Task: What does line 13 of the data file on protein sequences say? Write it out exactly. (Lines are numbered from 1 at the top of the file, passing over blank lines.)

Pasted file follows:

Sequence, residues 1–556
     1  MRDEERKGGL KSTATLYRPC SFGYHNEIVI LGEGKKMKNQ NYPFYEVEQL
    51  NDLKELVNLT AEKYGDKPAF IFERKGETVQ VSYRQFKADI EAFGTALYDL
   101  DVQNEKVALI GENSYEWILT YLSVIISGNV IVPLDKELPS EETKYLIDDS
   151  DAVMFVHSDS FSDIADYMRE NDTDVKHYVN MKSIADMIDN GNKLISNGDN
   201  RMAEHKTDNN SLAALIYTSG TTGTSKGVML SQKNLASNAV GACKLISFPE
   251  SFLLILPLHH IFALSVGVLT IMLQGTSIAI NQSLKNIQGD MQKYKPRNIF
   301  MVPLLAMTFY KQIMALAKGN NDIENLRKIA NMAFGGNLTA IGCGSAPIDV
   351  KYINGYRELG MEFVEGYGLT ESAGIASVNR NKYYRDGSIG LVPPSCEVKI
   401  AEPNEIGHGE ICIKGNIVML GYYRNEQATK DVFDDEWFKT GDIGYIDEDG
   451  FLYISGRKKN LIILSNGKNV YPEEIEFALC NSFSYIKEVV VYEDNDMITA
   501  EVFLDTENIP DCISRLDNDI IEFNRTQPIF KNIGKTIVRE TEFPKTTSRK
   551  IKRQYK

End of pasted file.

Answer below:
   551  IKRQYK